Self-Fulfilling Bureaucracy

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Posted September 16, 2009 by DAN MCGRAW in News

Over the past several months, Fort Worth city staffers and council members have agonized over what jobs and programs would have to be cut to balance the municipal budget. But in at least one area, the city staff recommended expanding services – a recommendation that might surprise many of the activists, reporters, and ordinary citizens who have asked for access to the city’s public records through the years.

The budget approved this week will add two attorneys and one secretary to the legal department, plus software programs to handle the huge increase in requests for public documents the city is experiencing. These additions will double the number of city attorneys handling these requests, at a cost of $250,000.

Staffers say the additional people are needed to process an increasing number of open-records requests, which have jumped from about 550 per year in 2000 to an expected 6,000 this year – a 1200 percent increase in a decade. State law requires that agencies respond to requests within a specific time period.

metro_1However, others, especially local journalists, see the increase as being largely a product of the city’s own policies on handling records requests – and fear that the new personnel will actually slow the process rather than speeding it up. An extra layer of bureaucracy has been added to the process in recent years with a requirement that almost all requests go through the city secretary’s office before being passed along to individual departments. More lawyers could mean even more delays.

“What we are trying to do is make sure we keep up with the increased demand and make sure the process gets the records into the hands of the media and citizens in a thorough and timely manner,” said city spokesman Jason Lamers.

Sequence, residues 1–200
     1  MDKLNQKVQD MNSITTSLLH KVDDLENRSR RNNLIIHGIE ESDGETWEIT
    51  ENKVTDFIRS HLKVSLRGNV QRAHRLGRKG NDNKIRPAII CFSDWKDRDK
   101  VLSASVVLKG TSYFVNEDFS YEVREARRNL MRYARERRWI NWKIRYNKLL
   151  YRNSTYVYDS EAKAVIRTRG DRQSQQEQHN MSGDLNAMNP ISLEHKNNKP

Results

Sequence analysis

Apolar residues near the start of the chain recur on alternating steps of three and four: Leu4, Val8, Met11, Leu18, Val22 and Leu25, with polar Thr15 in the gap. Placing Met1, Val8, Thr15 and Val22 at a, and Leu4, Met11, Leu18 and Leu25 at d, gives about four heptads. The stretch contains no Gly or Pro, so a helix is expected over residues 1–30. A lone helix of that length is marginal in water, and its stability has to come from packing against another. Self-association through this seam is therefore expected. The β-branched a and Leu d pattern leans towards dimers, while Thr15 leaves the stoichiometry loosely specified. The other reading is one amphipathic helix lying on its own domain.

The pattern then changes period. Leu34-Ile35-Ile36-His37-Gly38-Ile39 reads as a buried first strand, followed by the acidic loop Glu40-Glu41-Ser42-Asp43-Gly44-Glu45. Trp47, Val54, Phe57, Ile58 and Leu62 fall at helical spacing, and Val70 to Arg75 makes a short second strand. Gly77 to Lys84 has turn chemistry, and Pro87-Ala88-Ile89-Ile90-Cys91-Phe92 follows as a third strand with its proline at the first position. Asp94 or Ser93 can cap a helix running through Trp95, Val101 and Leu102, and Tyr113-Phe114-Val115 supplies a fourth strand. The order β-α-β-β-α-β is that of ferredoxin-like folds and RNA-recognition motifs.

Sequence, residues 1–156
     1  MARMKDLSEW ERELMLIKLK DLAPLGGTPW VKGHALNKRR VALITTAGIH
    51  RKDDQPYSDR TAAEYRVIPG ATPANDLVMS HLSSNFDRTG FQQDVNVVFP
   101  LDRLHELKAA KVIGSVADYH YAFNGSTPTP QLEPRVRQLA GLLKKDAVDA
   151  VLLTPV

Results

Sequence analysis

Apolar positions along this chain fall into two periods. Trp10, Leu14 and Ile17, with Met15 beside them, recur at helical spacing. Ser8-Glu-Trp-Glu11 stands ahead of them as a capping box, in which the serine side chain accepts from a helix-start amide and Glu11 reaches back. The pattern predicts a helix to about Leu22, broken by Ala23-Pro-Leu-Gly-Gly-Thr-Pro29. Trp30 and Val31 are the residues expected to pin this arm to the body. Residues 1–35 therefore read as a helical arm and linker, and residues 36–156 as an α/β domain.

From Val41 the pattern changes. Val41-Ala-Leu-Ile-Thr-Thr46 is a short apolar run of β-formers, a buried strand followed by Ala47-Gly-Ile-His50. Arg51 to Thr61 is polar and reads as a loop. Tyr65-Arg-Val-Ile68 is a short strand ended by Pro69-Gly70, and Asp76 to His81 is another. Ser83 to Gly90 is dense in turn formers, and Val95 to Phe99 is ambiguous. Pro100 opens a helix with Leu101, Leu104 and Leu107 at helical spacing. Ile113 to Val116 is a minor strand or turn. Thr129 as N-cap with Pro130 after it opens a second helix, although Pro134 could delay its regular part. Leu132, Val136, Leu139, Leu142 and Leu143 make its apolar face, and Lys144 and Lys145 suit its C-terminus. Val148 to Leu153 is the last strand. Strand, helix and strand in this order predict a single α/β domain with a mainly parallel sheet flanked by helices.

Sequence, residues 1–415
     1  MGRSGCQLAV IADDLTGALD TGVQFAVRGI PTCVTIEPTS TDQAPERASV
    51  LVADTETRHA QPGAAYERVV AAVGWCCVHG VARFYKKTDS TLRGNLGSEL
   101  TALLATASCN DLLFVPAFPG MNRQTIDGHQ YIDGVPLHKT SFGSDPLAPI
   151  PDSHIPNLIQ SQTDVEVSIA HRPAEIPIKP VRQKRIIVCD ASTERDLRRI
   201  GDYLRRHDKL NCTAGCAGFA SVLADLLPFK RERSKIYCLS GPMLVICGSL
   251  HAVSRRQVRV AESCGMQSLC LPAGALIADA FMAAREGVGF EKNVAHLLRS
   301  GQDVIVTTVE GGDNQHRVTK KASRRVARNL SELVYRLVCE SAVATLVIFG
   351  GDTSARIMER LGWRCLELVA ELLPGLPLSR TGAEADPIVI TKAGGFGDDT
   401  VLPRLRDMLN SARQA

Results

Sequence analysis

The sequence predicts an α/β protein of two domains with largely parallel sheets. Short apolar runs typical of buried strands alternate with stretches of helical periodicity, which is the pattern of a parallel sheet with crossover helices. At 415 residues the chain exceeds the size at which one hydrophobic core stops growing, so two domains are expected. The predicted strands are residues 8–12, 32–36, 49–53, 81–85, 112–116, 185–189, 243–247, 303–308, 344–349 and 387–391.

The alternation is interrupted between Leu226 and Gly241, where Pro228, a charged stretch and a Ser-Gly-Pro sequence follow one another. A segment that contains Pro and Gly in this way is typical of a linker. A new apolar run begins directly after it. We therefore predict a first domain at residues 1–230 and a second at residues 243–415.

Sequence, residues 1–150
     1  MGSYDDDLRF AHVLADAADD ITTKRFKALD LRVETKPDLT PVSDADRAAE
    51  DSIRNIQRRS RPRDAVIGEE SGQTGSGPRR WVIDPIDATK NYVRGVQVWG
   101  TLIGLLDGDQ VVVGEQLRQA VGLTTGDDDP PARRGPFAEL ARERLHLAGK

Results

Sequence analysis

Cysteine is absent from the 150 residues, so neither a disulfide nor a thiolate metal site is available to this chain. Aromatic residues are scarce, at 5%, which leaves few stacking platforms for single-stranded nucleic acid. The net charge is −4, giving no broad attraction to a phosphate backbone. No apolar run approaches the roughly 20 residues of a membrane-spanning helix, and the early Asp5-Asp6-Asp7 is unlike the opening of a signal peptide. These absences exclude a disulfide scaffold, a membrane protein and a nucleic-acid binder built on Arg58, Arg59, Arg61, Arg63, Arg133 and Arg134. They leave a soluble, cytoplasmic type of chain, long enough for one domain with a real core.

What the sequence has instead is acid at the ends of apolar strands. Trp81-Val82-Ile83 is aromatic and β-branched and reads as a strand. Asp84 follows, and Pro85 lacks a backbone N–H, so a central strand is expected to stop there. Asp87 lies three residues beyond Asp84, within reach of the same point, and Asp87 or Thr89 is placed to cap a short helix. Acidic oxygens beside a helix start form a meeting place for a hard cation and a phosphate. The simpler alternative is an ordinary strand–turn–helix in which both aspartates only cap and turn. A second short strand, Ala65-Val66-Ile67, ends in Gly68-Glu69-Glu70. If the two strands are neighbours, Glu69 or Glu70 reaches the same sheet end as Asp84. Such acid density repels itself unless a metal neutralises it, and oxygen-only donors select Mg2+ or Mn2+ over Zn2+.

Lamers asked local journalists what changes might be made in the system to make it faster and more efficient. He shared the responses with Fort Worth Weekly, with the understanding that individuals’ names not be disclosed.

The two problems reporters mentioned most often were the requirements to file formal requests for records that used to be provided without question and city attorneys’ penchant for asking the Texas Attorney General’s office too often for rulings on what is or is not required to be released under state open-records law.

“I believe the [city's] legal department is violating the intent of the open-records law by constantly asking for AG opinions for the same type of documents which they know, or should know, are public records,” wrote a local TV news reporter.

A Fort Worth Star-Telegram reporter wrote, “I am forced to file way too many open-records requests … then consider myself blessed if I actually get what I’ve requested by the 10th day [as required by law]. More often, [the] city legal [department] is asking for an AG opinion, coming up with all kinds of excuses why the information shouldn’t be released … . This is the only city where I feel like I’m constantly fighting this battle.”